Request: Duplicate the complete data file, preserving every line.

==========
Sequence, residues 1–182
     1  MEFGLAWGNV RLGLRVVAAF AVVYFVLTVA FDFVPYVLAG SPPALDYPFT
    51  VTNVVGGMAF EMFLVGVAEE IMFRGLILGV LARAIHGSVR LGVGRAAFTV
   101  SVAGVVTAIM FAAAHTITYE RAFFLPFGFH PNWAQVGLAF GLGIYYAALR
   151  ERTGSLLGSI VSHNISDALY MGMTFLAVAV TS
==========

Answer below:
Sequence, residues 1–182
     1  MEFGLAWGNV RLGLRVVAAF AVVYFVLTVA FDFVPYVLAG SPPALDYPFT
    51  VTNVVGGMAF EMFLVGVAEE IMFRGLILGV LARAIHGSVR LGVGRAAFTV
   101  SVAGVVTAIM FAAAHTITYE RAFFLPFGFH PNWAQVGLAF GLGIYYAALR
   151  ERTGSLLGSI VSHNISDALY MGMTFLAVAV TS